Abbreviations and symbols are great, but can be confusing when users are unaware of what they mean.
Such is the case of P and W on the Bureau of Land Management website.
The results page on the Bureau of Land Management website indicates that names on the patent are either the name of a warrantee or a patentee. The warrantee is the person(s) who qualified for bounty land based upon their or someone else’s military service. Warrants were for a specific amount of property–but not location specific. The patentee is the person to whom a deed was issued for a specific piece of property. Patentees could have obtained title to federal property through a cash sale, a preemption claim, a homestead claim, surrendering their own warrant, or surrendering a warrant they had purchased from someone else (in addition to a few other ways).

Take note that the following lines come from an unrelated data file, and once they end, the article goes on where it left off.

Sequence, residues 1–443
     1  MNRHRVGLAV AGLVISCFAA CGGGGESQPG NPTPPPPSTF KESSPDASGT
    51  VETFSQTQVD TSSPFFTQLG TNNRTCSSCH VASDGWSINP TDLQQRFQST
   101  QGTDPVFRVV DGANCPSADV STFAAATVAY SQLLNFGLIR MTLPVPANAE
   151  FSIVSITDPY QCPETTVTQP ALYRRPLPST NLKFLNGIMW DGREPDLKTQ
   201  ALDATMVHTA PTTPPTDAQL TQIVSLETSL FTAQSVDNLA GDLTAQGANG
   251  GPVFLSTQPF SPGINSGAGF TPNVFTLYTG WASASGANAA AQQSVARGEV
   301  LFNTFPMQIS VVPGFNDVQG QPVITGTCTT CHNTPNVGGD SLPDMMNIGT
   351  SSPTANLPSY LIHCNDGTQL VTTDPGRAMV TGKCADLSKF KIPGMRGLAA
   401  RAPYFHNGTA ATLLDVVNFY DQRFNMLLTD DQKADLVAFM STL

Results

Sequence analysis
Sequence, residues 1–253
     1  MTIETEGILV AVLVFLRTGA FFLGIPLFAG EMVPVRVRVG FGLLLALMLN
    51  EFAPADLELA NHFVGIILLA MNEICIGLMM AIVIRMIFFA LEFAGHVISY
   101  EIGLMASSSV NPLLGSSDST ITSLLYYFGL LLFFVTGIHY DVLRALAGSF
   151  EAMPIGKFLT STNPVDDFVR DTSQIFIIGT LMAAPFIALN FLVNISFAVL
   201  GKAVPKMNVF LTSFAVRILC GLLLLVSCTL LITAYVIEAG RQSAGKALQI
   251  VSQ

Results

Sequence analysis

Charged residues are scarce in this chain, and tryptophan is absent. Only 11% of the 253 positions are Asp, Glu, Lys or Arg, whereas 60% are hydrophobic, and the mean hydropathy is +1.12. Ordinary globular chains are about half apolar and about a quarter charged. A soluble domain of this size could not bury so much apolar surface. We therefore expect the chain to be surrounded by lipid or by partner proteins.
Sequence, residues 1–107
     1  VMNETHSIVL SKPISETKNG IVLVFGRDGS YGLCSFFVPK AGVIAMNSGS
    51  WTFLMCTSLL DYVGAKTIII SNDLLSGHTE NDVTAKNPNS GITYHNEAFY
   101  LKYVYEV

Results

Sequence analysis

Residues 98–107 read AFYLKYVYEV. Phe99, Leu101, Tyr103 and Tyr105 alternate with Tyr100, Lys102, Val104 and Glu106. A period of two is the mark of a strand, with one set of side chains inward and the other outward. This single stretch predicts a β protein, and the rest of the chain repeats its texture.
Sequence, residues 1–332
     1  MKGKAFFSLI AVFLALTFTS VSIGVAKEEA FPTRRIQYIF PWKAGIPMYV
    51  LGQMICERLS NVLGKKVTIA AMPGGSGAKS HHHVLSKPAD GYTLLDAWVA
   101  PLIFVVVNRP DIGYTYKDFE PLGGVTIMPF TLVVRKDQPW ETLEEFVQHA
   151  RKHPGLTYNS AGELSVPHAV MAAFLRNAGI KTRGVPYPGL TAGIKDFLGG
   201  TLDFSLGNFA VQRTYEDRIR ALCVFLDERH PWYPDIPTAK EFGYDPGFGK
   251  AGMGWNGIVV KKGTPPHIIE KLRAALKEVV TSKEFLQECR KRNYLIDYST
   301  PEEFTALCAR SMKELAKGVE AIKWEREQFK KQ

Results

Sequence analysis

Generally speaking cash land sales have the least in the way of genealogical documentation. Homesteads, preemption claims, and warrant applications have more genealogical material in them.
We’ve mentioned these files in the past, but will be looking at some new examples in upcoming blog posts.